• protects these precious objects from the climate
    • slows down physical and chemical deterioration

    Conservators use 'minimal intervention' methods, aiming to stabilise the object (chemically and physically) and keep its original material. They meticulously document its condition and treatment in reports and photographs. This information is useful for the object's long-term conservation.

    When treating an object, a conservator must respect its integrity, working with materials that age well and, if possible, using reversible techniques.


    The museum has four specialist conservators. They are experts in conservation management, and the conservation of paper, photographic material, textiles, wooden, metal and composite objects, mixed collections and preventive conservation.

    We also fortunate to have four dedicated volunteers - some have been working with the conservation team for many years. Each brings distinct and highly regarded skills and abilities to their work with us.

    See a restoration of a historic picture frame, including putty made in the traditional way. Follow our Conservation blog.


    Remedial conservation

    Occasionally an item is in such fragile condition or deteriorating at such a rate, that it could be lost in a relatively short time. Remedial conservation arrests the damaging processes or reinforces the item's structure. This action sometimes modifies the item's appearance. Examples of remedial conservation are:

    • disinfestation of a textile
    • desalination of ceramics
    • deacidification of paper
    • dehydration of a wet archaeological material
    • stabilisation of corroded metal
    Preventive conservation

    This 'hands off' conservation doesn't interfere with the object or change its appearance. Preventive measures aim to stop deterioration and loss. Examples of preventive conservation include:

    • storage, handling, packing and transportation
    • environmental management (light, humidity, pollution and pest control)
    • emergency planning
    • education of staff
    • public awareness.

    Restoration only occurs when an item has lost part of its significance or function through past alteration or deterioration. In this case, we may restore the item with an eye to aiding its appreciation, understanding and use. Restoration is based on respect for the original material and usually modifies the item's appearance. Examples of restoration include:

    • retouching a painting
    • reassembling a broken sculpture
    • reshaping a basket
    • filling losses on a glass vessel.
    Professional practice

    The Conservation team at the ANMM preserves and presents the museum's collection with respect for the integrity of each object. We are directly responsible for developing protocols and procedures for the conservation, display, care and handling of the museum's collection. Our staff strives to provide the highest standards in all aspects of conservation (including examination, treatment, research, documentation and training), so that present and future visitors may learn, appreciate and enjoy our wonderful collection.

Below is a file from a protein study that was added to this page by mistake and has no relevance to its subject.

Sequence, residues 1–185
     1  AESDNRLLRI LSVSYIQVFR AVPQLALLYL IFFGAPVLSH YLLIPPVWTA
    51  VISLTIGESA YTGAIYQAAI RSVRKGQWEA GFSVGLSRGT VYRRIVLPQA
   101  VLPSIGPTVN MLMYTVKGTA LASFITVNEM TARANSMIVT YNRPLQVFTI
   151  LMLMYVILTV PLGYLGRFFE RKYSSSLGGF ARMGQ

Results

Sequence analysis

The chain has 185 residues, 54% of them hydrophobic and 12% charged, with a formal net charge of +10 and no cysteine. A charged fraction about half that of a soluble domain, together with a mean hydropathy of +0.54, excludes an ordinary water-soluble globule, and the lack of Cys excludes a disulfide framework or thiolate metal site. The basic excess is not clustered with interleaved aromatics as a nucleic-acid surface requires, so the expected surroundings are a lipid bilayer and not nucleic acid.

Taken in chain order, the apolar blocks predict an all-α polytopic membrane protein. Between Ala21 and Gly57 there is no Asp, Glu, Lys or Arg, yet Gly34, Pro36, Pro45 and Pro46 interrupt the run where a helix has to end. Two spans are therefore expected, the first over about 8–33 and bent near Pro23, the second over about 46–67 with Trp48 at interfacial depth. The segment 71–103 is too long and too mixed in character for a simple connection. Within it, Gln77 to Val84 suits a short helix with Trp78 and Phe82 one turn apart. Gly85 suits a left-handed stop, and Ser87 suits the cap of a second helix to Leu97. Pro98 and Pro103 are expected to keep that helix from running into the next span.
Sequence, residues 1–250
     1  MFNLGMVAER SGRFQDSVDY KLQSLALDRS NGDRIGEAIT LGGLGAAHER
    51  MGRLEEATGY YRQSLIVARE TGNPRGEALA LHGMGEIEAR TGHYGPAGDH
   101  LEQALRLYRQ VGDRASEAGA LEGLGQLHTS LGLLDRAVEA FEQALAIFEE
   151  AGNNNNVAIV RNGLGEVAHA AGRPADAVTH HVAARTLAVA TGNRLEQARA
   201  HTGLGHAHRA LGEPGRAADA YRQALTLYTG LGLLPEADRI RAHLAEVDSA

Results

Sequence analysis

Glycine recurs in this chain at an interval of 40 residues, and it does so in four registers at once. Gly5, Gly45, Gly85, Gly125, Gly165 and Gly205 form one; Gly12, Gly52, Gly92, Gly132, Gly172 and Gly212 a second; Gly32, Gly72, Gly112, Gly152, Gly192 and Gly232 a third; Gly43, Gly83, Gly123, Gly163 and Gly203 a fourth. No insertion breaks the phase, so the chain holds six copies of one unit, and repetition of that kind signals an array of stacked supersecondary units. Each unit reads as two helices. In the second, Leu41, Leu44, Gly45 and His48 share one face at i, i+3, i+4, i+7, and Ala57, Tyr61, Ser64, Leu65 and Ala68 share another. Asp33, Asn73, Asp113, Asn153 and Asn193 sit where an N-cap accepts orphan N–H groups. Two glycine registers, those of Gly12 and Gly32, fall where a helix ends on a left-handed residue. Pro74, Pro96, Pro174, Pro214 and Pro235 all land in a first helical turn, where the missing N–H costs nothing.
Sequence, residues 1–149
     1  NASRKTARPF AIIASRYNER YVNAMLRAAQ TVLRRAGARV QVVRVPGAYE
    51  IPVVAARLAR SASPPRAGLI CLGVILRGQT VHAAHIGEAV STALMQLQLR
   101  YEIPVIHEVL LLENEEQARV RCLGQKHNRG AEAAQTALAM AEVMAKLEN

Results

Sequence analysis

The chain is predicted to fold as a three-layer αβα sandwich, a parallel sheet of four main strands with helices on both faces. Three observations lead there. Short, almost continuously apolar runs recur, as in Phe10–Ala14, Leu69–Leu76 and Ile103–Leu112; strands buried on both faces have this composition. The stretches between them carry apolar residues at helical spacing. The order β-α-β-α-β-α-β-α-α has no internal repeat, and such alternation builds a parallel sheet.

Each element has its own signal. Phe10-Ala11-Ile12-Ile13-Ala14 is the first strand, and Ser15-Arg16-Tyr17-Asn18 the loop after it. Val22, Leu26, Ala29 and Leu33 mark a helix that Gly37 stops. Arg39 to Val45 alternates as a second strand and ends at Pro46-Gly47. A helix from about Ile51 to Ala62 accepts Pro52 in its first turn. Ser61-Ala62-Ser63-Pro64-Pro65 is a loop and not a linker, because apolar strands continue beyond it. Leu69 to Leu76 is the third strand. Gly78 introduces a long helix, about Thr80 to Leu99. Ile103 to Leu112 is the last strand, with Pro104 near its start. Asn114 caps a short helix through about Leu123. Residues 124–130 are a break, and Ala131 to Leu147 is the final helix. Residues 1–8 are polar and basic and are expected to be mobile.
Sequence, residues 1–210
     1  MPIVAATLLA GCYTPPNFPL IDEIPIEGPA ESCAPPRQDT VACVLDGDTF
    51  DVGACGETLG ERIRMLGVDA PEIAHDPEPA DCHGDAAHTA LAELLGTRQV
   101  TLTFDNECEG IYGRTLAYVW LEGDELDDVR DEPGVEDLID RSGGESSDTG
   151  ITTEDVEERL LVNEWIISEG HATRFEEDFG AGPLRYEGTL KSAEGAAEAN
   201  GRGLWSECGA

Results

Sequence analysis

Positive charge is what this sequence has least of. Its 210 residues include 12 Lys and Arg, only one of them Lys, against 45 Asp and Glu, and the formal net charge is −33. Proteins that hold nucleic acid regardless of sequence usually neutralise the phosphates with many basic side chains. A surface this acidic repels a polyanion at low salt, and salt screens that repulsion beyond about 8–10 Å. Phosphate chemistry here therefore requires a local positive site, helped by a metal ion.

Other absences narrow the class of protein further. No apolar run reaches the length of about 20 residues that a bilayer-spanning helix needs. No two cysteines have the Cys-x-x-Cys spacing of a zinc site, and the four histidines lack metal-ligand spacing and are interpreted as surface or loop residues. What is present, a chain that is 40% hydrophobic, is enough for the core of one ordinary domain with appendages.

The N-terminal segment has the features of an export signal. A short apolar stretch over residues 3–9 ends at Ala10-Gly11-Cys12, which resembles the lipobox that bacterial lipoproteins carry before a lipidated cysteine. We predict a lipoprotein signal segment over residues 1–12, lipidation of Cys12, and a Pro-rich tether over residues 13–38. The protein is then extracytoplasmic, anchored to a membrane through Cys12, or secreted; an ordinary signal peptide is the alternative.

Caring for the Collection

    The Australian National Maritime Museum's registration and photography department looks after the museum's collection and object loans.

    The role of this team also includes storage, freight, internal object movement, inventory control and the valuation program. They also assist with exhibition development and installation and help manage the museum’s digitisation program and collections and exhibitions database.

    • There are about 140,000 items in the museum's collection and without this department the artefacts would be inaccessible - physically and intellectually.
    • The photography studio produces original photography for collection identification and control, exhibition graphics, publications and promotion. It also manages the museum's large digital photographic library.
    • The department's staff holds relevant tertiary and post graduate qualifications and is skilled in the various aspects of collection management, information management and photography. Some staff members are skilled operators of heavy lifting equipment and hold appropriate certificates in this field.
    Useful downloads

  • Using Images

    Using Images

    The Australian National Maritime Museum encourages the reproduction or publication of photographs, illustrations, artworks and other objects from our collection and archives, where we own intellectual property rights. All reproductions are subject to terms and conditions. Fees may apply.